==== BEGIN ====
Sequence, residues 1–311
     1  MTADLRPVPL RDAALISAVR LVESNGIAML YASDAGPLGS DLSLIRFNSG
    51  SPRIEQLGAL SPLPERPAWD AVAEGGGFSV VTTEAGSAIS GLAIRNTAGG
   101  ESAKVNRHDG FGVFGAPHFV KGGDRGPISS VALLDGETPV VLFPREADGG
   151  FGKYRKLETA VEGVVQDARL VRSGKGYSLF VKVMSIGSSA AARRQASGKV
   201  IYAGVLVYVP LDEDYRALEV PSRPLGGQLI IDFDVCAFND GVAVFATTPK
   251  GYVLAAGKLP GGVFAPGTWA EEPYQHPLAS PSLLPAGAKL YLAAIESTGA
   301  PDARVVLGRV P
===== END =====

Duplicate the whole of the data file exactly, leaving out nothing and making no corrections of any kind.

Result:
Sequence, residues 1–311
     1  MTADLRPVPL RDAALISAVR LVESNGIAML YASDAGPLGS DLSLIRFNSG
    51  SPRIEQLGAL SPLPERPAWD AVAEGGGFSV VTTEAGSAIS GLAIRNTAGG
   101  ESAKVNRHDG FGVFGAPHFV KGGDRGPISS VALLDGETPV VLFPREADGG
   151  FGKYRKLETA VEGVVQDARL VRSGKGYSLF VKVMSIGSSA AARRQASGKV
   201  IYAGVLVYVP LDEDYRALEV PSRPLGGQLI IDFDVCAFND GVAVFATTPK
   251  GYVLAAGKLP GGVFAPGTWA EEPYQHPLAS PSLLPAGAKL YLAAIESTGA
   301  PDARVVLGRV P